Opinion: Trivette renovations worthwhile

Cory Spiers

When I heard that Trivette Dining Hall was being expanded, all I could think was, “Great, more construction.”

After a closer look, while the timing seems poor, the renovation will lead to a nicer facility for future students.

The renovation is projected to cost $4.7 million, according to northcarolina.edu. Unfortunately, it is happening at an inconvenient time.

 Art Kessler, director of Food Services, explained that the renovation will include a complete reworking of the dining hall’s utilities, including the fire system, water piping and electrical workings.

There will also be renovations done to both the Park Place Cafe and McAllister’s Selects.

A new part of the building will be added on, which will expand the hallway into Duck Pond field by approximately 12 to 15 feet. McAllister’s will be moved from it’s current location to the other side of the hallway, placing it in the new building. The sidewalk currently running alongside the building will be expanded slightly and converted into an outdoor seating area.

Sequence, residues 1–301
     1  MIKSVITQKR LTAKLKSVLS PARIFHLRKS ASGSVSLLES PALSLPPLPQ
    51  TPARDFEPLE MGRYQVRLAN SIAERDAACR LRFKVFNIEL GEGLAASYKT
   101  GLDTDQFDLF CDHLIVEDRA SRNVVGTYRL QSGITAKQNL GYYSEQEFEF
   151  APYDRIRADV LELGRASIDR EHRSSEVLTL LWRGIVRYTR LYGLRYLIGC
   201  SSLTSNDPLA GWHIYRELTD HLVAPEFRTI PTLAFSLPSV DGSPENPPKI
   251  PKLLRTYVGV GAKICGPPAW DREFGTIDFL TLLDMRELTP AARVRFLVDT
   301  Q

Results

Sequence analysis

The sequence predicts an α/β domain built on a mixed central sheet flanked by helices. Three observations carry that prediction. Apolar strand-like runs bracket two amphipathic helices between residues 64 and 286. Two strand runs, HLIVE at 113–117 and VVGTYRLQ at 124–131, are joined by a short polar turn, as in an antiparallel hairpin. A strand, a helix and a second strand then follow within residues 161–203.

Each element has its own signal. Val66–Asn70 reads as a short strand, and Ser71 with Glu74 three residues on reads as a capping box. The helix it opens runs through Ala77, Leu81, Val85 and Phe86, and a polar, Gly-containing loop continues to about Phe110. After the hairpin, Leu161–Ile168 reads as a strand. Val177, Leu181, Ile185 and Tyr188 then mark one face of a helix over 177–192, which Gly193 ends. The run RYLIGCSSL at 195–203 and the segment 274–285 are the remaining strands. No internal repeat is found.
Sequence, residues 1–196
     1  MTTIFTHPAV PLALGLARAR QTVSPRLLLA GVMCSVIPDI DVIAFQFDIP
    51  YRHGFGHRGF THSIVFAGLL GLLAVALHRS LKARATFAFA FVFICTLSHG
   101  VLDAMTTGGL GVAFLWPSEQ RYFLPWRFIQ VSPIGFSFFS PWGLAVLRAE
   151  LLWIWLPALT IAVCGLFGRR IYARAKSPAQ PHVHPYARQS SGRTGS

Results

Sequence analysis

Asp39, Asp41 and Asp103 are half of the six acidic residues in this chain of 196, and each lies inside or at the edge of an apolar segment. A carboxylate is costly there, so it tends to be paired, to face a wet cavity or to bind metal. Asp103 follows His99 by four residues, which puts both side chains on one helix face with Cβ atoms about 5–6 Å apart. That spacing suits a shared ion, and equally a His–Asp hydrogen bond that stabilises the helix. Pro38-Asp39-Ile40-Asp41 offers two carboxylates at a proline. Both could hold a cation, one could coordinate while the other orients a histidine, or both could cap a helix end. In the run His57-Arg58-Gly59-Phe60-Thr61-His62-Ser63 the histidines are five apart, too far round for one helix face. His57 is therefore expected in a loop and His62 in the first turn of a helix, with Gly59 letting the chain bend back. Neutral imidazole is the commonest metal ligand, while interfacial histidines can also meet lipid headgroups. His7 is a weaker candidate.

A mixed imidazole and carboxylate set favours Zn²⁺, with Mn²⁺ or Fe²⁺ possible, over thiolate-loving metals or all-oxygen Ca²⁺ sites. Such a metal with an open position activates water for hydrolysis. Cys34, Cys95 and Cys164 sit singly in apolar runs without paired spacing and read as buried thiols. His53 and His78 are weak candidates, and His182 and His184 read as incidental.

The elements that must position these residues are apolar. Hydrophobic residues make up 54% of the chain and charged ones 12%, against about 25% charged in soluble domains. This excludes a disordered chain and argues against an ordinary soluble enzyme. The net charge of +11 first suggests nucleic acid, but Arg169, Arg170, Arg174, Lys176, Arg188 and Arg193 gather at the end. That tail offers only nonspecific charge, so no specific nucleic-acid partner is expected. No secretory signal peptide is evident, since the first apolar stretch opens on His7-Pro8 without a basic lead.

There are also plans to include a new entrance on Duck Pond Field.

Kessler said there will also be more window space that will allow more natural lighting throughout the whole building. This will make Trivette brighter and more functional.

The project will cause the Trivette Dining Hall to be closed from after Thanksgiving to the start of the 2014 fall semester. The poor timing of the construction represents the main problem with the project.
Students who live on the west side of campus and enjoy the convenience of a closer dining hall will likely have to trudge through snow and the cold to the other side of campus just to get a hot meal.

Kessler said he is aware of this problem, which is why construction has begun.

Bulldozers are ripping up the grass and trucks are laying rock. They are beginning with the landscaping and the outside walls of the expansion so that they will be able to keep Trivette open for as long as possible.

The food areas in the student union were renovated in 2011 and Central Dining Hall was renovated in 2009. After the construction is complete, it will be the last large scale Food Services renovation for a while, Kessler said.

West side residents will have to be  patient through a poorly timed, but ultimately beneficial project.

Opinion: ELIZABETH MCMICHAEL, Opinion writer